December 11


We began lab by learning about poinsettias. This plant is indigenous to Mexico where they grow as shrubs and trees. They were brought to America by Joel Poinsett. The colored leaves (bracts) are not part of the flower, but they surround the flower.

Then, kindergarten scientists used the Scientific Method. What will happen if you fold a paper flower’s petals toward the center, and then drop the flower in water? We made our hypotheses and then carefully dropped three flowers of different sizes into the pan of water. They seemed to magically open. Why do they open? Does it matter if you fold the petals in a different order?

Does the type of paper make any difference?  When we returned to the group, I changed a variable and dropped flowers cut from construction paper and tagboard in the water. The tagboard flowers opened very slowly, but the construction paper flowers blossomed rapidly.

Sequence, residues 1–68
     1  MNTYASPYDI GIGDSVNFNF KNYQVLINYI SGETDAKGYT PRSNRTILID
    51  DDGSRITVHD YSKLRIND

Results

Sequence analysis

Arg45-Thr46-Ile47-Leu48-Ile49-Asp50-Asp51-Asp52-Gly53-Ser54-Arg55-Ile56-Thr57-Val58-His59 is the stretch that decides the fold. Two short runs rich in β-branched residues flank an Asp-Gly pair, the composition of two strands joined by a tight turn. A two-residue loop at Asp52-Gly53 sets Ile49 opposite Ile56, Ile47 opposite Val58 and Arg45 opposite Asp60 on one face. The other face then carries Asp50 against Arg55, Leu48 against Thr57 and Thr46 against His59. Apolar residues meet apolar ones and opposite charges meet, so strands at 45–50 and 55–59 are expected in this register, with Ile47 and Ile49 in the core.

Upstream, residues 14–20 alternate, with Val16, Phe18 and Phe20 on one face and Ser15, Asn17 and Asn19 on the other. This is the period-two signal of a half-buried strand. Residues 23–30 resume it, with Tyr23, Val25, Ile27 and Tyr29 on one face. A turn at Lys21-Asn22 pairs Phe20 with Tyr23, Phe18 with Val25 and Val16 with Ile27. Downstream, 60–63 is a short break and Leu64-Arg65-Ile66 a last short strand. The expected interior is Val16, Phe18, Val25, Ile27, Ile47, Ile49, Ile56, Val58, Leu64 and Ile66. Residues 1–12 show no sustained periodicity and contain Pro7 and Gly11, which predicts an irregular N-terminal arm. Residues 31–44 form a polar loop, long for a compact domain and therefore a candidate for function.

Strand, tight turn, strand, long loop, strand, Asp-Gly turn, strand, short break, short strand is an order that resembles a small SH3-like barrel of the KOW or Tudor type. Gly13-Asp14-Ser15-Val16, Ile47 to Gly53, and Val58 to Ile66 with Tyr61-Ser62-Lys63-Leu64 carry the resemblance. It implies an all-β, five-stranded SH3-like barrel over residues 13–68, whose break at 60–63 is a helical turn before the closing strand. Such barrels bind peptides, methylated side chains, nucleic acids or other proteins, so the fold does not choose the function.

This is a fun investigation to try at home. Make a fish and fold the fins, a butterfly’s wings, or a spider’s legs. Click here for further directions.

January 16


On this MLK Day, I have been reading some of Dr. Martin Luther King’s writings:

Science investigates; religion interprets. Science gives man knowledge which is power; religion gives man wisdom which is control. Science deals mainly with facts; religion deals mainly with values. The two are not rivals. They are complementary.
Martin Luther King, Jr.

‘A Tough Mind and a Tender Heart’, Strength To Love (1963, 1981)

Martin Luther King Jr.